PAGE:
• Last modified 699 days ago (Oct. 24, 2019)


Teacher's change of heart a boon for Marion's students

Staff writer

Elanor Klenda’s students file in and check the white board for their work assignment as she greets them with a smile.

Teaching is not the career she envisioned herself in when her childhood love of biology spurred her to give nursing school a try, but Klenda has no regrets about her choice.

“Every day is a good day for teachers — for the most part,” she says smiling during a planning break between classes. “You see their faces light up when they finally understand something.”

Klenda was Marion High students’ choice for teacher of the month earlier this year. Students vote for their choice once a month.

The honor came as a surprise to Klenda, who was returning from maternity leave after having her son, Daniel, now 7 months old. She has another boy, James, 2, with her husband, Matt.

Klenda, who teaches chemistry, physical science, and biology at Marion, plans a lot of hands-on activities for her students this year.

“I like to have them practicing science so they are not just learning topics,” she said.

Freshman biology students will be performing dissections on a variety of specimens, starting with sea urchins.

She has also begun storylining this year, a first-time experiment that she thinks will challenge her students to think like scientists.

One storyline she selected involves observing lions as they hunt water buffalo. Students are encouraged to ask questions which will guide their research through the remainder of the unit.

She admits this approach may be challenging for some students.

“They find it uncomfortable and want me to tell them the answer,” she said. “I need to have them get there themselves.”

Chemistry students can look forward to some interesting experiments including flame tests on metal to determine types of ions.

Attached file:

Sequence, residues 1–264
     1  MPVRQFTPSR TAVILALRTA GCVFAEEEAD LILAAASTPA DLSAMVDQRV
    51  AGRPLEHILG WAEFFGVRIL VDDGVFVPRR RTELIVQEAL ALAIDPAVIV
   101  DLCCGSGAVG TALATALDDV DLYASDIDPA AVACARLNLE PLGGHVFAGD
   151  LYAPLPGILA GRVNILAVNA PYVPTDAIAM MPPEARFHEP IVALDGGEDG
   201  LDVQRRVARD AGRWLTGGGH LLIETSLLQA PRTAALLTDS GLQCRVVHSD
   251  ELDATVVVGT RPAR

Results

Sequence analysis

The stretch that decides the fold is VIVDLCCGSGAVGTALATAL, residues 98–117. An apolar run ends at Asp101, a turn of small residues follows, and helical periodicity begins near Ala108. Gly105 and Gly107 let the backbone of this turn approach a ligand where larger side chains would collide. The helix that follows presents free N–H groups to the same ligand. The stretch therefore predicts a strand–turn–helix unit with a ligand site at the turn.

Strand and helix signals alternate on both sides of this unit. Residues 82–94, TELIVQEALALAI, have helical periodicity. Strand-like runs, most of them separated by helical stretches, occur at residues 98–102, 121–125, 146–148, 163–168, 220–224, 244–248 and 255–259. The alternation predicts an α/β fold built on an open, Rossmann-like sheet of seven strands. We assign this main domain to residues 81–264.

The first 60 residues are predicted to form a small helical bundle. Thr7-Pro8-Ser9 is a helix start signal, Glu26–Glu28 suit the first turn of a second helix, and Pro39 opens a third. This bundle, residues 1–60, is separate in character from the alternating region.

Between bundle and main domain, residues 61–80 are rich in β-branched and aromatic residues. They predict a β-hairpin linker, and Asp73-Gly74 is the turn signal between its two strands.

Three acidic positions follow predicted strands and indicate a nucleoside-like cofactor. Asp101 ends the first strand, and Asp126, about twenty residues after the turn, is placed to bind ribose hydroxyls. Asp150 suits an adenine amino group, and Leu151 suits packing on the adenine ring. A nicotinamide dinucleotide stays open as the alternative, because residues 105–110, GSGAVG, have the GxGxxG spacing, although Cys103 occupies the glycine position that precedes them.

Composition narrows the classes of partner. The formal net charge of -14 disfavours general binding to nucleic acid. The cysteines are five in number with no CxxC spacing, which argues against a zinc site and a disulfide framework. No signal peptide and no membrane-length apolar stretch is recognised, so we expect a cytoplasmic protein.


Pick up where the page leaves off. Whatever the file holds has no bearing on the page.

Klenda said the district has a set curriculum, but her teaching method is often left up to her.

She starts her day by setting up the projector and making sure the day’s activities are good to go. Her students have lessons to tackle as soon as they walk through the door.

“That way they are not misbehaving,” she said. “I give them some direct instruction and then move on to an activity.”

She uses her planning periods Monday through Thurday to grade students’ work. Fridays are for preparation.

“I scratch out the next week on Fridays,” she said.

Klenda is fascinated by all areas of science, but biology, particularly genetics, has been a favorite.

But medicine was not for her.

The possible heartbreak of working in a hospital emergency room as a nurse made her reflect on the influence her own teachers had on her life.

“I decided I would like to have the same impact on kids that my teachers had on me,” she said.

Students made models of amino acids out of paper earlier this year — and weren’t shy about letting her know they had a great time with the activity.

“I had a group of students say, ‘We had a fun day today. This was fun learning things,’” she said.

Last modified Oct. 24, 2019